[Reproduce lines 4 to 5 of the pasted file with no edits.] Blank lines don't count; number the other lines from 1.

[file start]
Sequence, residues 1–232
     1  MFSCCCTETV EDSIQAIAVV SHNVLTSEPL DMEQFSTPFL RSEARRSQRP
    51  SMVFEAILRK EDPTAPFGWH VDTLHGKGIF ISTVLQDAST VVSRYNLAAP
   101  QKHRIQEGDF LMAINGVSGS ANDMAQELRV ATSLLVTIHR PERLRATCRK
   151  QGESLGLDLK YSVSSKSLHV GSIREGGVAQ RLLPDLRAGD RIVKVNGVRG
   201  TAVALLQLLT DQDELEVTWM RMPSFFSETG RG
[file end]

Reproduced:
   101  QKHRIQEGDF LMAINGVSGS ANDMAQELRV ATSLLVTIHR PERLRATCRK
   151  QGESLGLDLK YSVSSKSLHV GSIREGGVAQ RLLPDLRAGD RIVKVNGVRG